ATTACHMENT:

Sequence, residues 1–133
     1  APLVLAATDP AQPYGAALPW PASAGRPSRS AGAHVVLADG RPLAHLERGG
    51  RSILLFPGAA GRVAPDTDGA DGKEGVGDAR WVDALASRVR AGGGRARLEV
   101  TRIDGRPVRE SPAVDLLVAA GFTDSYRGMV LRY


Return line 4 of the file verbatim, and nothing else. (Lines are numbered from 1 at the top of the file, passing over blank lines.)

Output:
   101  TRIDGRPVRE SPAVDLLVAA GFTDSYRGMV LRY